Anyone with a passing knowledge of — or interest in — Jackie Gleason’s much-loved 1950s sitcom “The Honeymooners” knows that one of its catchphrases is “Baby, you’re the greatest.”
The new musical based on the short-lived (just 39 episodes) but long-enduring prime-time classic orbiting around dreamer-schemer Brooklyn bus driver Ralph Kramdem seldom, if ever, rises to such a superlative. More often it’s “Baby, you’re just the okay-est.”
As the show at the Paper Mill Playhouse through Oct. 29 traces Ralph’s get-rich-quick idea involving writing a hit jingle, there are bright spots. There are four aces in lead roles: Michael McGrath as Ralph; Leslie Kritzer as his wife Alice; Michael Mastro as his trusty sewer rat BFF Ed Norton, and Laura Bell Bundy as Ed’s wife Trixie, whose little-mentioned burlesque past looms large. Each actor shines while capturing the mannerisms and cadences of the originals, which feels right.
The script by Dusty Kay and Bill Nuss, authors with many TV credits, smartly preserves sitcom zingers (“blabbbbbbermouth”), adds fun new ones (a neighbor’s response to Ralph’s noisy composing is a hoot), lends a corrective to Ralph’s iffy “bang zoom, to the moon Alice” threat and tosses a very clever 11th-hour curveball that turns the musical into a “Honeymooners” origin story. Director John Rando and a design team deliver polished work.
Alice and Ralph: He may wear the pants, but the musical, like the sitcom it’s drawn from, is clear about who’s really in charge in the Kramden household.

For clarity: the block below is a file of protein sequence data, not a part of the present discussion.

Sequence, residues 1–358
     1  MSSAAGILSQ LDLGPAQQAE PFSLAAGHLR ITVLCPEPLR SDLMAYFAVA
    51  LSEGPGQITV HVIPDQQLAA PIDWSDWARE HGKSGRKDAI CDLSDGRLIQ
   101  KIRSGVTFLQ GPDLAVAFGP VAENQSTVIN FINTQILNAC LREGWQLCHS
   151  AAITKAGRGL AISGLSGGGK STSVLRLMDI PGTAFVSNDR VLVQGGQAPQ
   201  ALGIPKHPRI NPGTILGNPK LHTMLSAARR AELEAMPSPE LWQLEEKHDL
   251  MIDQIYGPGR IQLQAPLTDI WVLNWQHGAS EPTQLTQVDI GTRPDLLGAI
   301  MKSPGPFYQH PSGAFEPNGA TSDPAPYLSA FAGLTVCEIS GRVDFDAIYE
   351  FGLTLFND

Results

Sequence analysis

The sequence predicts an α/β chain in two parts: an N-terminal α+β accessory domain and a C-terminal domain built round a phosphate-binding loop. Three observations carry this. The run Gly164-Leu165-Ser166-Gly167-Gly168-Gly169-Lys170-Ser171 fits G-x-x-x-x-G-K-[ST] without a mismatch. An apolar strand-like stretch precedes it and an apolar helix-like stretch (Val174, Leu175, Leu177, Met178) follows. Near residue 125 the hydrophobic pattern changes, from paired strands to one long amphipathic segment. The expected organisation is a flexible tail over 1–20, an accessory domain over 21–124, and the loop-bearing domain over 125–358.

(Jerry Dalia/Jerry Dalia)
Songs by composer Stephen Weiner and lyricist Peter Mills do the job but don’t make much of an impression. Trixie’s bouncy entrance (“Undeniable”) lends some sparkle after a sluggish start. Alice’s “A Woman’s Work” lets the gifted Kritzer remind that behind every good man there’s a woman while she’s belting and scatting. The most tender moment (“I’ll Miss the Guy”) is a duet between Ralph and Norton.
But, like McGrath, who’s reportedly wearing a fat suit, the show is uncomfortably wedged into one as well. The musical keeps grafting concepts onto a simple idea that would have resolved itself in 22 minutes. On stage, Ralph’s jingle schemes lead to Madison Ave. dog-eat-dog business antics, Park Ave. high-life fantasies and eventually to the real-life variety series “Cavalcade of Stars,” which Gleason hosted, and a weirdly bloated and busy production number (choreography is by Joshua Bergasse) that’s led by Trixie that’s not even half as funny or winning as it thinks it is.
To the moon? With so much padding, “The Honeymooners” can’t get liftoff.